Thursday, August 9, 2007


Atonement by Ian McEwan is the sort of book that has pages of international praise inside the cover and sits on the bestseller shelves at Barnes and Noble for weeks at a time. The sort of book all the bookgroups are reading and the sort of book I generally avoid for a long time, but often wind up reading once the storm has died down. This is a bit embarrassing to admit, but I'll be honest here and tell you that what finally pushed me to pick this up off of my shelf was the trailer for the film adaption coming out later this year. It looked like a film I would enjoy and I would rather have read the book first than the other way around.

Atonement is a book about misunderstandings and how people perceive things differently. In the book, a young girl, Briony misconstrued multiple situations which ultimately leads to tragedy for multiple families. Part of the misunderstanding involves a note. I am very aware of men writing about women and it struck me that the event that occurred after the intended (Cecilia) received the note would only happen in a book written by a man, sort of a male fantasy. As a woman, I find it hard to imagine most women having the same reaction Cecelia has.

I enjoyed this book and thought it very well written, but I didn't love it. I never felt emotionally connected to it except for feeling so much anger towards Briony. I was fortunate to have longer stretches of time to read this novel, and felt that was the best way to read it. I don't know if I would have gotten very far if I'd had to keep putting it down. The last section of the novel helps to explain the rest of the book and why the previous three sections are so different from one another. There is a sort of 'twist' in the ending which I have encountered in at least one other book. I did not appreciate it in that previous book (The Last Time They Met by Anita Shreve in case you are wondering) however I thought it was better executed here, and I could appreciate it more.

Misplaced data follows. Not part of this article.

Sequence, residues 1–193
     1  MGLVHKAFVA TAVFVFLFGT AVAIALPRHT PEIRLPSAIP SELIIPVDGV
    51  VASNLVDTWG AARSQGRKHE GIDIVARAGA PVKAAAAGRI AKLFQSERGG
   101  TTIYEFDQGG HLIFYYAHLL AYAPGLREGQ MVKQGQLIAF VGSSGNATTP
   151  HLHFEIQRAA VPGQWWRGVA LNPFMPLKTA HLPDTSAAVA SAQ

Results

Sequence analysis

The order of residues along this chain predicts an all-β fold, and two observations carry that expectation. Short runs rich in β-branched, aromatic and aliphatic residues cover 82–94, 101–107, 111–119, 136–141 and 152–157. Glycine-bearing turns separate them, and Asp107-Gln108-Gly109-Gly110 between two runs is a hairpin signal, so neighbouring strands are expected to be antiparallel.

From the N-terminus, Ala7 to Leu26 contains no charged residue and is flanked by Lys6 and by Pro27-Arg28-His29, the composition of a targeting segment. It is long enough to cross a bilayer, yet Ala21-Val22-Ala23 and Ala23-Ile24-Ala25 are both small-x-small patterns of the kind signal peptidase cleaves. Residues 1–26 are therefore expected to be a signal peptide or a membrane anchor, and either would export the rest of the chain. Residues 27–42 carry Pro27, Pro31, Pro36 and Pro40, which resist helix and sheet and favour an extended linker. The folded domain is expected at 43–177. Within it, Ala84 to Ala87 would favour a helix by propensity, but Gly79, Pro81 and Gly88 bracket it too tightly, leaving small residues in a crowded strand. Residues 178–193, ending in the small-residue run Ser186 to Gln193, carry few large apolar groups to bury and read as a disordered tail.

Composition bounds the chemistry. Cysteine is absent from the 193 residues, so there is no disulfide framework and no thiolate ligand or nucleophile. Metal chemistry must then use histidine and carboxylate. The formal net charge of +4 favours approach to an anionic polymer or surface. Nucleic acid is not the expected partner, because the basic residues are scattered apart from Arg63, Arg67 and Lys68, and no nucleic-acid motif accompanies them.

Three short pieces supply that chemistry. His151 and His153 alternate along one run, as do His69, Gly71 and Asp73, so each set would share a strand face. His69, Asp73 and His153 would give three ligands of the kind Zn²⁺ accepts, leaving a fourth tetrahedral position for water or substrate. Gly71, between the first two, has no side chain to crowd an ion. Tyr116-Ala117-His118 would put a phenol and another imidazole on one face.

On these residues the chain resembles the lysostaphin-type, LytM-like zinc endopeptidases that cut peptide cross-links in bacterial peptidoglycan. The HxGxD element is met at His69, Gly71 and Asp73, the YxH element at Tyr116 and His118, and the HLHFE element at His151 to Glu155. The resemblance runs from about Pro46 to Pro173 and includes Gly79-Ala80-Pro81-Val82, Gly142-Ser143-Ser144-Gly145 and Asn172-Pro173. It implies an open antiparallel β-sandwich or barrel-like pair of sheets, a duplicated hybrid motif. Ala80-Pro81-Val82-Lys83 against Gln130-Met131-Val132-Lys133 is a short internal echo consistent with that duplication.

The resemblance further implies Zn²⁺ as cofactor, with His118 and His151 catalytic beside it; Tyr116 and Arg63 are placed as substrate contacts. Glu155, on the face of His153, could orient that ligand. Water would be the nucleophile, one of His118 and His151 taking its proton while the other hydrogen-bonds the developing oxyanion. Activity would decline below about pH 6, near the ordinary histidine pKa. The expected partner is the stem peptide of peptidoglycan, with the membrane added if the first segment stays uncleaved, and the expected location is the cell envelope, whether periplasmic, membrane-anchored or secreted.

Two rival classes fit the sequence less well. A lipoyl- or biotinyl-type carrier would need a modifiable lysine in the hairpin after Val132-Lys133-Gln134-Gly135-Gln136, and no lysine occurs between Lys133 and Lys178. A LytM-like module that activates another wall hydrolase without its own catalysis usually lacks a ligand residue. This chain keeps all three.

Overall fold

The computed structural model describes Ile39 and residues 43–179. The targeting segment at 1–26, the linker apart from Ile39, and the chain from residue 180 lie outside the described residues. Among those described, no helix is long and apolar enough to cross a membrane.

I would still like to see the film version when it comes out and I am interested to see how it has been adapted, particularly in light of the ending.


lazy cow said...

I found myself detached from the characters too, but enjoyed the book on the whole. Much preferred one of his earlier ones: Enduring Love. Have you read it?There are very few male author who write women with authenticity, as far as I'm concerned. One of them is Larry McMurtry (Terms of Endearment).
And in answer to your question about Peter Mayle, yes it is the same author who wrote all the Provence books (I checked!)

Gentle Reader said...

I think I liked this book better than you did, but I think you have it pegged. I've always found McEwan's writing to have a slightly detached quality, but I like his style. I have yet to read Enduring Love, but it is one most McEwan fans recommend.

Literary Feline said...

I thought the book was beautifully executed, but the one fault I had with it was what you felt about the characters--there was something lacking in the connection with the characters.

Now that you mention it, I see your point about Cecelia's reaction to the letter and have to agree with you.